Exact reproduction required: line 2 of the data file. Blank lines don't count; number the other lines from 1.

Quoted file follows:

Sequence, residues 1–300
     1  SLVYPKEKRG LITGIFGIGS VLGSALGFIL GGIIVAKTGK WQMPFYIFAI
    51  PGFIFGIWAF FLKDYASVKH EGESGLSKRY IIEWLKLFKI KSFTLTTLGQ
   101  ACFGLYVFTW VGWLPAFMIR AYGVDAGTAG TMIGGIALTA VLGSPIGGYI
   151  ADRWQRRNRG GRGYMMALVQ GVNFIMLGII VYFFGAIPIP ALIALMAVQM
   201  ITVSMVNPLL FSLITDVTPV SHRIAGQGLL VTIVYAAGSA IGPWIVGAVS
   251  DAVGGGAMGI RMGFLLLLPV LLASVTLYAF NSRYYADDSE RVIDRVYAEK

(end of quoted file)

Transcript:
     1  SLVYPKEKRG LITGIFGIGS VLGSALGFIL GGIIVAKTGK WQMPFYIFAI